The Cold War was a lengthy struggle between the United States and the Soviet Union that began in the aftermath of the surrender of Hitler’s Germany. In 1941, Nazi aggression against the USSR turned the Soviet regime into an ally of the Western democracies. But in the post-war world, increasingly divergent viewpoints created rifts between those who had once been allies.

The United States and the USSR gradually built up their own zones of influence, dividing the world into two opposing camps. The Cold War was therefore not exclusively a struggle between the US and the USSR but a global conflict that affected many countries, particularly the continent of Europe. Indeed, Europe, divided into two blocs, became one of the main theatres of the war. In Western Europe, the European integration process began with the support of the United States, while the countries of Eastern Europe became satellites of the USSR.

From 1947 onwards, the two adversaries, employing all the resources at their disposal for intimidation and subversion, clashed in a lengthy strategic and ideological conflict punctuated by crises of varying intensity. Although the two Great Powers never fought directly, they pushed the world to the brink of nuclear war on several occasions. Nuclear deterrence was the only effective means of preventing a military confrontation. Ironically, this ‘balance of terror’ nevertheless served as a stimulus for the arms race. Periods of tension alternated between moments of détente or improved relations between the two camps. Political expert Raymond Aron perfectly defined the Cold War system with a phrase that hits the nail on the head: ‘impossible peace, improbable war’.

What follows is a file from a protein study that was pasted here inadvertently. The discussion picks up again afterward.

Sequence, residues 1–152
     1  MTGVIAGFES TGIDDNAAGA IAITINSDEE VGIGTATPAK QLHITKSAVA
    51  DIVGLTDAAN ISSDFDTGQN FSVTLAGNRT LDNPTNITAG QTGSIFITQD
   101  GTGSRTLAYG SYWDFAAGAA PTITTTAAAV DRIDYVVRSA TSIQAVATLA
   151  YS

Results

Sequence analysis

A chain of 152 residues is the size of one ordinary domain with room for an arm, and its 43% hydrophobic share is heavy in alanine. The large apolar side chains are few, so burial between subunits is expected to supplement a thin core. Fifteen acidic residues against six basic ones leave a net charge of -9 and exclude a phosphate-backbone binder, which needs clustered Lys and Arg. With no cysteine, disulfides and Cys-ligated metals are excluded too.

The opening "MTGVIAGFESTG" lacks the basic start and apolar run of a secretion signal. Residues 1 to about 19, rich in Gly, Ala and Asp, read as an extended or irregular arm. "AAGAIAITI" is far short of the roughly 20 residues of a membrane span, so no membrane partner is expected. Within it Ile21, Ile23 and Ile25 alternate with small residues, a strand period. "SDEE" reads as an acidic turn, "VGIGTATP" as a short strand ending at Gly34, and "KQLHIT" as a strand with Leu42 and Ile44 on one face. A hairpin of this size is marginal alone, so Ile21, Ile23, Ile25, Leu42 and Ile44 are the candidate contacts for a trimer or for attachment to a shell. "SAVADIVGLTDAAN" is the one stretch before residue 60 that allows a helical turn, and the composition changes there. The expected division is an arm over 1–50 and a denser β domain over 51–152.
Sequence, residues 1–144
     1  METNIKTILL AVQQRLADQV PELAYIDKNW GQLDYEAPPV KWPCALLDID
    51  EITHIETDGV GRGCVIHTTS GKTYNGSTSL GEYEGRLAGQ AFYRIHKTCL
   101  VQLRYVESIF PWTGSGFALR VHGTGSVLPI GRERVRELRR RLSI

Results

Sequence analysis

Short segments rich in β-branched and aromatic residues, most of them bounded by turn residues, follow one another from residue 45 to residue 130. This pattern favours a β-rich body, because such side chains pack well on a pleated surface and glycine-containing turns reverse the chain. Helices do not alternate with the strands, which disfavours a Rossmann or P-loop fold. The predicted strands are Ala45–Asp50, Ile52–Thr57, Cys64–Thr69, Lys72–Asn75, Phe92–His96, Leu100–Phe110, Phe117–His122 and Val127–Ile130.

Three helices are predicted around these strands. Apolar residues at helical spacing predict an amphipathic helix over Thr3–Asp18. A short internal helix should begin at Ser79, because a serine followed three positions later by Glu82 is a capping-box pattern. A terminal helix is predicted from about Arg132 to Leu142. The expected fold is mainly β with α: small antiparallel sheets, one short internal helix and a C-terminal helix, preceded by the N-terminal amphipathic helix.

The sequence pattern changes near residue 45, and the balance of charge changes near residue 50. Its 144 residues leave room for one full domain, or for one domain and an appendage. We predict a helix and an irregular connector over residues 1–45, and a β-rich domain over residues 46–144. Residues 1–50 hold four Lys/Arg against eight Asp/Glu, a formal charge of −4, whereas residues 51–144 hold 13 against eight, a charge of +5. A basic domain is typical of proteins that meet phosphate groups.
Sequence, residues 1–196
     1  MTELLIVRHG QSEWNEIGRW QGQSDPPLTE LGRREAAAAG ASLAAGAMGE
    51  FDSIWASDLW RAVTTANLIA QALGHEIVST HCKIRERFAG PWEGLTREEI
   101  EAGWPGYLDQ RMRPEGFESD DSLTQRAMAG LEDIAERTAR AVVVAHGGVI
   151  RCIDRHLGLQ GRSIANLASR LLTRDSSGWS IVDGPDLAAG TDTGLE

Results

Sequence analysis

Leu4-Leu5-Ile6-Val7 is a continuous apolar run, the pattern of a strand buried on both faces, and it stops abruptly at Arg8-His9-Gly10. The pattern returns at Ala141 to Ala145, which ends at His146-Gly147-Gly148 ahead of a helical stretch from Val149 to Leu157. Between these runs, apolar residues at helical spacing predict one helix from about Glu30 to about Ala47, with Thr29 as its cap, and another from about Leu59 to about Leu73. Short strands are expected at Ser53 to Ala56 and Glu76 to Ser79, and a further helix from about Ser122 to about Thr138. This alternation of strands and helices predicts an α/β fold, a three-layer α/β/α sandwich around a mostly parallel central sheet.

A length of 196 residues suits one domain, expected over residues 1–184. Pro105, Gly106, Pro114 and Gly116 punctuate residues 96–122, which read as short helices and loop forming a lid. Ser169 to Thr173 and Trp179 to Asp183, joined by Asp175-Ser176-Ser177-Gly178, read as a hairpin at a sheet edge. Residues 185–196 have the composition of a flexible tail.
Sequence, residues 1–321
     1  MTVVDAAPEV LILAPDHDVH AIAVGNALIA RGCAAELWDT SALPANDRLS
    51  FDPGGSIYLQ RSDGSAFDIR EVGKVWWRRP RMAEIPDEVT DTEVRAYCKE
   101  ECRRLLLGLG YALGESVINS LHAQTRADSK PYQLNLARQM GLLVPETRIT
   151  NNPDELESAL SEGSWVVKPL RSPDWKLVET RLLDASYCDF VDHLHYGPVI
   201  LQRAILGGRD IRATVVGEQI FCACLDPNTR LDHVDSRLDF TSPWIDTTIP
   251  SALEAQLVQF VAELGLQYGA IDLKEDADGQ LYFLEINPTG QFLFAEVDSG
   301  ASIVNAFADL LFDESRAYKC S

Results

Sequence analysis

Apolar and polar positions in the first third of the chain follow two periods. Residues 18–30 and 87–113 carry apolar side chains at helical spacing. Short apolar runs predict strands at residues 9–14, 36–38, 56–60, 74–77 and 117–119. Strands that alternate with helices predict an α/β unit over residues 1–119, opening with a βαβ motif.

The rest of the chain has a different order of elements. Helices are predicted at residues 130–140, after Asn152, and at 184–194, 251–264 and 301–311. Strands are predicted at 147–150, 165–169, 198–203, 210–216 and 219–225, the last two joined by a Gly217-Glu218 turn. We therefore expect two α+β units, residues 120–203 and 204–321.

The Cold War finally came to an end in 1989 with the fall of the Berlin Wall and the collapse of the Communist regimes in Eastern Europe.

Published in October 2011, this subject file is based on material previously contained in the European NAvigator digital library (

Discover an interactive chronology on the history of the Cold War.

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